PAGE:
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Air Pollution and Assam Floods

The North-eastern Indian state of Assam is naturally the most flood-prone state of the country as the monsoon winds blowing from Bay of Bengal hits the sub-Himalayan hills of Arunachal Pradesh to its north lashing the plains with heavy precipitation during the summer. According to the Rastriya Barh Ayog (RBA)—the National Flood Commission, 31.05 lakh hectares of the total 78.523 lakh hectares area of the state is prone to frequent floods. Secondly, the Brahmaputra—the lifeline of the state originates from a glacier at Tibet that carry additional amount of water due to snow-melt in the summer makes the entire valley flooded. There are reasons for the annual havoc of flood and river bank erosion affecting Assam annually, but one more phenomenon has been troubling the region. This is the increasing air pollution felt in the area in last few years.

The Brahmaputra factor:

The incessant rainfall during the monsoon and the very nature of the river Brahmaputra which is very dynamic as well as unstable at the same time are at the crux of the problem of flood in Assam. On its 580,000 sq km basin spreading over four countries—China, India, Bangladesh and Bhutan, with diverse environments, the Brahmaputra features among the world’s top five rivers in terms of discharge as well as the sediment it brings. At 19,830 cubic meters per second (cumec), it ranks fourth in discharge at the mouth, behind only the Amazon, the Congo and the Yangtze (Goswami, 2008).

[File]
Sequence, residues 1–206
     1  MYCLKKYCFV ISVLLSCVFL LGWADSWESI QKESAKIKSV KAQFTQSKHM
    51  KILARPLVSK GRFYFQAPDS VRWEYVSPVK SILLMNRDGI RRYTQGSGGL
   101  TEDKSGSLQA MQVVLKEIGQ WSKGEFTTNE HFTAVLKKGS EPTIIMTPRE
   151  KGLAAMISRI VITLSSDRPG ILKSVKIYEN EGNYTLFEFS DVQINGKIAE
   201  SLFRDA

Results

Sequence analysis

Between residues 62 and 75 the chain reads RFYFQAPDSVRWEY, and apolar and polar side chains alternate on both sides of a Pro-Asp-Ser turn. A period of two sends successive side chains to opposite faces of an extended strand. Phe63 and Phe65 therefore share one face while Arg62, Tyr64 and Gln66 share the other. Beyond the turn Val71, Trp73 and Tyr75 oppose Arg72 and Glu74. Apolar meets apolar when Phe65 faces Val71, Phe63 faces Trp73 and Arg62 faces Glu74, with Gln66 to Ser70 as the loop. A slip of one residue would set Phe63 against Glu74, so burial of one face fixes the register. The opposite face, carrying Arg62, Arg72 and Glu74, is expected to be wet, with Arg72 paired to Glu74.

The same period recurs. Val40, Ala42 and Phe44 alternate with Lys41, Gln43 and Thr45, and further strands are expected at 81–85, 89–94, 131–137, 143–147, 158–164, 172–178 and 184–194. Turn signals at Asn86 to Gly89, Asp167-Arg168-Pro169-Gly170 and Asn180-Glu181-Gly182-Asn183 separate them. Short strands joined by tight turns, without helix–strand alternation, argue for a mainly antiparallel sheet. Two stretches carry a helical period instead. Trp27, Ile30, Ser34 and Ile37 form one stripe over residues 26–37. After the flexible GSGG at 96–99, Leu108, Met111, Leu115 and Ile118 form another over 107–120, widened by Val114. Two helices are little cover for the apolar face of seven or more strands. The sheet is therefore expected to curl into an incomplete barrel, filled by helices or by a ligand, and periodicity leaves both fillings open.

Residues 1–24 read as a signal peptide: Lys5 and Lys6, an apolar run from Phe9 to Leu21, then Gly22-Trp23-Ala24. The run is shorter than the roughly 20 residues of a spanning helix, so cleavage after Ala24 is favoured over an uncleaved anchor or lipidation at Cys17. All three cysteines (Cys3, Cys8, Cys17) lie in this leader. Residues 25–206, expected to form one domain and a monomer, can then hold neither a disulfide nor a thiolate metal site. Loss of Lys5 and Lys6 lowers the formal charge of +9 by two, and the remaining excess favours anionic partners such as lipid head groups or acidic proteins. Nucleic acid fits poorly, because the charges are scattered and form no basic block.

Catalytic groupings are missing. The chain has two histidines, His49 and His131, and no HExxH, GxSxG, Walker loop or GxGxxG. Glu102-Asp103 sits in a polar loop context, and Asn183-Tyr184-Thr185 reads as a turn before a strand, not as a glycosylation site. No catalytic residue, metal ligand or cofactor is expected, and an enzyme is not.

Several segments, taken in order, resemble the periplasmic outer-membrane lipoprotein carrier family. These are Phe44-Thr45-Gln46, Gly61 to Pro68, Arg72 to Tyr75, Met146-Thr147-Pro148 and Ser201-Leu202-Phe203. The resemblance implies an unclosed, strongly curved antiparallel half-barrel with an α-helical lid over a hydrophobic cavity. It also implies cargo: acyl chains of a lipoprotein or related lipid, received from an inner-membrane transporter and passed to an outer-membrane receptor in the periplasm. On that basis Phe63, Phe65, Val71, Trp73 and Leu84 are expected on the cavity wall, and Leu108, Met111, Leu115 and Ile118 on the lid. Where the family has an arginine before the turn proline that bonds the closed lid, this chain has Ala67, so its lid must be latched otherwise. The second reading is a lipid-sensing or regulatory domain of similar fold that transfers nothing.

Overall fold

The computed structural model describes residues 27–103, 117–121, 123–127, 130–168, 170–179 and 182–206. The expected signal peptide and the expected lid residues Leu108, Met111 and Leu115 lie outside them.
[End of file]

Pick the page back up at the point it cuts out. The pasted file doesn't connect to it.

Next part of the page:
By the time the river enters Assam it deposits vast amounts of this silt, leading to erosion and floods in the plains surrounded by hills. The Brahmaputra losses its velocity suddenly as it falls to a flat plain from a high slope making it to unload the sediments. The river’s channels prove inadequate amid this siltation, leading to floods. The massive earthquake of 1950 left the river to acquire a stable character rising its bed up considerably (highest two meters in Dibrugarh).

Moreover man-made factors like habitation, deforestation, population growth in catchment areas (including in China) have led to higher sedimentation creating temporary sandbars or river islands (locally called Chars) where people have been settling in in the last five decades or so. The sand bars or Chars restrict the space the river has to flow. As rainfall becomes heavy, it combines with all these factors and leads to destructive floods—annually.

Air pollution may be behind intense rainfall:

Research conducted by Indian Institute of Technology (IIT), Kanpur found a link between air pollution and intense rainfall recently. Analysing long-term satellite data between 2002 and 2016 and modelling to understand the association between aerosols and cloud properties, the study found that air pollution particles lead to change in the physical properties of monsoon clouds, which can lead to more intense rainfall, flash floods and unusual gaps in the progression of monsoon rainfall (Nature). “Not all extreme rain events can be linked to aerosols as other meteorological factors also play a role, but cases of extreme and erratic monsoon rainfall in inland areas affected by air pollution may be linked to this phenomenon,” says the study.